The Song of the Wreck by Charles Dickens

dickenscharles

The wind blew high, the waters raved,
A ship drove on the land,
A hundred human creatures saved
Kneel’d down upon the sand.
Three-score were drown’d, three-score were thrown
Upon the black rocks wild,
And thus among them, left alone,
They found one helpless child.

A seaman rough, to shipwreck bred,
Stood out from all the rest,
And gently laid the lonely head
Upon his honest breast.
And travelling o’er the desert wide
It was a solemn joy,
To see them, ever side by side,
The sailor and the boy.

In famine, sickness, hunger, thirst,
The two were still but one,
Until the strong man droop’d the first
And felt his labours done.
Then to a trusty friend he spake,
“Across the desert wide,
O take this poor boy for my sake!”
And kiss’d the child and died.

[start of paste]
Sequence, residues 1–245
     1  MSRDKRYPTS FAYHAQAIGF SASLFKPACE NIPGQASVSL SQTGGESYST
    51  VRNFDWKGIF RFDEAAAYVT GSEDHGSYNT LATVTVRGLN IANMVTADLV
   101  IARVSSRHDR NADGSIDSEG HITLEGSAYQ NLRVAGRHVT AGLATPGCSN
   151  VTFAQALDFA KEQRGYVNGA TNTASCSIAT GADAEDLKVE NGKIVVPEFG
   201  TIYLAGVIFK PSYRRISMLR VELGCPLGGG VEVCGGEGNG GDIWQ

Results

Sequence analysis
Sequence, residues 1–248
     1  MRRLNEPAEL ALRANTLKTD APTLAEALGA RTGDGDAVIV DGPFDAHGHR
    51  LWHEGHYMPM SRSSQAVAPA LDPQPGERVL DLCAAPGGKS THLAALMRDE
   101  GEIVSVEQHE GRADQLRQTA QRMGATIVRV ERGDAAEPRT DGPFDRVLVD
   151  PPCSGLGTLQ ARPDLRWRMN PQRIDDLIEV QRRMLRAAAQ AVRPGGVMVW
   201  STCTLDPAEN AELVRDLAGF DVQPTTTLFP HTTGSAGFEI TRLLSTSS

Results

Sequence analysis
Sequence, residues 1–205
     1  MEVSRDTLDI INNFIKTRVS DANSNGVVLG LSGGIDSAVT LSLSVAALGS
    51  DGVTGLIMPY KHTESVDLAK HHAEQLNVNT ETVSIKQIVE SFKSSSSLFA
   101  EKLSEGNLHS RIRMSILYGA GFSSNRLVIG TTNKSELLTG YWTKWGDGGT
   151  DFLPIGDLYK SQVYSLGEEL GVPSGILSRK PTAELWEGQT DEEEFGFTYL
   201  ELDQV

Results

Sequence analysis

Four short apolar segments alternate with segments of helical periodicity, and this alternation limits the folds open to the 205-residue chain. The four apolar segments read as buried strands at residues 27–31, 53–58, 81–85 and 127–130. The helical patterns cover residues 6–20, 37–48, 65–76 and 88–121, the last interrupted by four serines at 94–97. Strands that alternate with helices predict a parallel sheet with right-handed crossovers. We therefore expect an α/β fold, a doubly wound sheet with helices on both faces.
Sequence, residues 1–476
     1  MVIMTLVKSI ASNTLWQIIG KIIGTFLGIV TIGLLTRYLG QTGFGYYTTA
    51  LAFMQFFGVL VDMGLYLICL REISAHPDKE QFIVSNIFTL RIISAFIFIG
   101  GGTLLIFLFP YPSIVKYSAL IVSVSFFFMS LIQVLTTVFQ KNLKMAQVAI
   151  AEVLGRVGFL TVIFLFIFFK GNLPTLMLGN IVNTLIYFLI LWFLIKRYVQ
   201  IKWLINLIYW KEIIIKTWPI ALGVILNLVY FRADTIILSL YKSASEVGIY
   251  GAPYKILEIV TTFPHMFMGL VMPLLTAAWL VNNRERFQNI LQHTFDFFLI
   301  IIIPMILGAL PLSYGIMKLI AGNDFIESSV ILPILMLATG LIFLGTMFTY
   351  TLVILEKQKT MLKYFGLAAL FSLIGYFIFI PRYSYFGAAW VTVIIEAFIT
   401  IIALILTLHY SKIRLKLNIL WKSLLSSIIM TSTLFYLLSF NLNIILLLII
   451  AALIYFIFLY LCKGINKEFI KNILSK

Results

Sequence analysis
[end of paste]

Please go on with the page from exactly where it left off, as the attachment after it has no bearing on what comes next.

Toiling along in weary plight
Through heavy jungle, mire,
These two came later every night
To warm them at the fire.
Until the captain said one day,
“O seaman good and kind,
To save thyself now come away,
And leave the boy behind!”

The child was slumbering near the blaze:
“O captain, let him rest
Until it sinks, when God’s own ways
Shall teach us what is best!”
They watch’d the whiten’d ashy heap,
They touch’d the child in vain;
They did not leave him there asleep,
He never woke again.

Charles Dickens
1812–1870

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About russellboyle.com

Russell Boyle, of russellboyle.com, is a mathematics teacher, writer, and poet. Russell is the author of a number of teaching resources, including the Year 7 to 8 Mathematics Short-Answer Tasks, the Year 7 to 10 Mathematics Multiple-Choice Tasks, the Year 9 Extended-Response Tasks, the solutions to the Year 12 VCAA Mathematics Exams and the Web-Programming For Beginners series of courses. Russell's poetry anthologies are titled The Beginning, Footprints and Loneliness.
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